MANLEY FORCE FOUR-CHANNEL PREAMPLIFIER - ProSoundNetwork.com

MANLEY FORCE FOUR-CHANNEL PREAMPLIFIER

I was recently back at superstar drummer/producer Omar Hakim’s studio, recording his upcoming Trio Of Oz record.
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I was recently back at superstar drummer/producer Omar Hakim’s studio, recording his upcoming Trio Of Oz record. In the midst of working, we received a few Manley Labs pieces to try out: the Core reference channel strip, four-channel Force vacuum tube microphone preamplifier and the single channel VoxBox.

At Omar Hakim’s studio, Rich Tozzoli employs a stack of manley gear: the four-channel Force on toms, th Core on bass guitar, and VoxBox on overheads. The first thing we did was put four of his five toms (from the lowest up) into the four-channel Force ($2,500 street). We then put the overhead center mic (we use left/right and center) into the VoxBox and used the Core for Jonathan Toscano’s five-string bass.

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Listening back, we all instantly agreed that we had just upped the game. With the Force—by which we had employed beyerdynamic TG D57c and TG D58c clip-on cardioid condenser mics—we noticed how much “thicker” the tone was. This sounds crazy, but even when scratching the mics upon first tests, we were like, “oh boy, we’re onto something.” But the real proof was when Omar played. He hits fluidly but quite hard, and the toms were sounding markedly better than usual when using the Force. There was an undeniable new presence to them. Just as a test, I muted the toms in sections where they weren’t played. The before and after results were striking; the resonating toms through the Force added to the depth of the overall drum sound, even when they weren’t being played. As a result, there would be no gating or cleaning up of toms on this session. It’s almost hard to believe a preamp change could alter the drum sound in this way, but we all agreed that it did.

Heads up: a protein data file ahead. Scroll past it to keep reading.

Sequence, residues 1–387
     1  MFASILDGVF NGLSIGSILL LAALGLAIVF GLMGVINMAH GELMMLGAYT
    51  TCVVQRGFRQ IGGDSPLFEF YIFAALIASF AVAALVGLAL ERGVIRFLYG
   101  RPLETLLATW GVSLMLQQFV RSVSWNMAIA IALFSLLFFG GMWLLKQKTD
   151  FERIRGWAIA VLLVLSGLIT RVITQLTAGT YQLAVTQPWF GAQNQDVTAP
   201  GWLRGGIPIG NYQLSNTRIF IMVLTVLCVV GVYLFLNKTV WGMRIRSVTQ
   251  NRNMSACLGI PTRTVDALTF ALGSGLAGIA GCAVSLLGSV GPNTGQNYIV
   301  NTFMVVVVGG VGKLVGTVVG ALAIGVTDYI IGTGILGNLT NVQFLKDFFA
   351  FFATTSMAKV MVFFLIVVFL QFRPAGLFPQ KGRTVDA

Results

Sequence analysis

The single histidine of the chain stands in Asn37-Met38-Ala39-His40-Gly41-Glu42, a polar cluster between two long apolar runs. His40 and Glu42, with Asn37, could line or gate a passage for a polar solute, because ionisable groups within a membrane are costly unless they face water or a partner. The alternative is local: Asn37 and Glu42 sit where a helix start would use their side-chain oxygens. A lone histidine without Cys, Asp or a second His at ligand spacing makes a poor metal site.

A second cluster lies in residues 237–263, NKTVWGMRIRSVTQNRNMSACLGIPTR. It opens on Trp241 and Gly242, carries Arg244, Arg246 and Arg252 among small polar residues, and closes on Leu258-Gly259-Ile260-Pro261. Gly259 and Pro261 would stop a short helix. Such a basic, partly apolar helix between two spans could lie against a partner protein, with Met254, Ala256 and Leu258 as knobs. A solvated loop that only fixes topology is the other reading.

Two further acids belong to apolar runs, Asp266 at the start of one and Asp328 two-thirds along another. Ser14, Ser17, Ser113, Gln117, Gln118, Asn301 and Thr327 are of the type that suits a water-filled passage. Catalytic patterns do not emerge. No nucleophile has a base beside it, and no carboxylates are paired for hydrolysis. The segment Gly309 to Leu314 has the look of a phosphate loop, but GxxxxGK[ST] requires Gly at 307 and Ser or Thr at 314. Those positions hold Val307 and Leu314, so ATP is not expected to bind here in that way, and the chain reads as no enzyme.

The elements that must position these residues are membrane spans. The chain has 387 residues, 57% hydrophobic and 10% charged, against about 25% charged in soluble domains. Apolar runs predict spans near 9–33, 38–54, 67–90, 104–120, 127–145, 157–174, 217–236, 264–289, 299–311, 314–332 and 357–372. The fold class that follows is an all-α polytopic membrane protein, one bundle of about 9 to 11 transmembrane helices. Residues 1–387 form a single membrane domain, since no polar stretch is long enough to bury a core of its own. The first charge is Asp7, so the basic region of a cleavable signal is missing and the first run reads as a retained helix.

What we also liked about the Force was how simple it was to use. It has four channels of Class A, 12AX-7 dual-triode vacuum tube preamplification taken from the Core unit. It has gold-plated XLRs running into Manley’s Iron Mic input transformer. Each channel also has a quarter-inch Hi-Z 10 Mohm jack for line or instrument level similar to the SLAM! unit. Also provided is standard 48V phantom, 120 Hz HPF, Polarity Invert and Hi/Low input attenuator buttons. Users get either 40 or 50 dB of gain with an additional 10 dB available via internal jumper. Then there’s a 7-Segment LED peak meter on each channel—and that’s it. The pots feel sturdy, the unit feels super solid and, most importantly, it sounds great.

And that’s a big part of what makes the Force so great: There’s not too much to think about. Plug in, push a few buttons, turn a knob and bam—tight, solid and thick sound. Omar was convinced enough to buy two of them after the session, plus a VoxBox, which ended up on bass. I gladly took the Core to my next session at Clubhouse Studios in Rhinebeck NY; after using it, owner/engineer Paul Antonell wouldn’t let me take it home. As a result, I’ll get to that unit in a future review after more use.

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